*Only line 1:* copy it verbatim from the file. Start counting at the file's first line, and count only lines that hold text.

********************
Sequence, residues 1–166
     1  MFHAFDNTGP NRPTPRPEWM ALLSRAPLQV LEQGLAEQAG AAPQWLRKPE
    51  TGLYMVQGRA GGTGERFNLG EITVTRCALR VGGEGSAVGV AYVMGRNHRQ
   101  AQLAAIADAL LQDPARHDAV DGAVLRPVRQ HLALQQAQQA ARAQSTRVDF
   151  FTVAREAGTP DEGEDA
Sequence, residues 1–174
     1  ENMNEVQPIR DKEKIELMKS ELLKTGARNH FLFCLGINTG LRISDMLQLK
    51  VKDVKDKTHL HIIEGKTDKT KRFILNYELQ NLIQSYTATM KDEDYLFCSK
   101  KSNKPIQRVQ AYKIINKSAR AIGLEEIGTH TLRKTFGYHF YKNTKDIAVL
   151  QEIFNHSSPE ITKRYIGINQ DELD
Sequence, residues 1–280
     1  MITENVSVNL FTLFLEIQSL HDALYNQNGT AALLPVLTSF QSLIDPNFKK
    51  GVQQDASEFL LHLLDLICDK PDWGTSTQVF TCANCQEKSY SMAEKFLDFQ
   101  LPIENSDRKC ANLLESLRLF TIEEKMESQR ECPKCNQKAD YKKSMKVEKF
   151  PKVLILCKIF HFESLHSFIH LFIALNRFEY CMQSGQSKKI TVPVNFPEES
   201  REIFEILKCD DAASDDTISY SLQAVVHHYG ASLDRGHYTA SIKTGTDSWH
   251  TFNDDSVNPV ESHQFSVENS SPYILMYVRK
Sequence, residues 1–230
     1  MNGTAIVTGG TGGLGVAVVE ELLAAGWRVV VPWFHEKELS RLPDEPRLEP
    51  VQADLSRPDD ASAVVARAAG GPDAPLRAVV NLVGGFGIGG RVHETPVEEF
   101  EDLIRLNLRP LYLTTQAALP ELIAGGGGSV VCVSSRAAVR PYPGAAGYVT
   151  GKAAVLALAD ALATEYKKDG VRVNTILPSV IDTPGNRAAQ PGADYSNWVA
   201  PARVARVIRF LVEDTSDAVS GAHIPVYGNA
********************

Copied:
Sequence, residues 1–166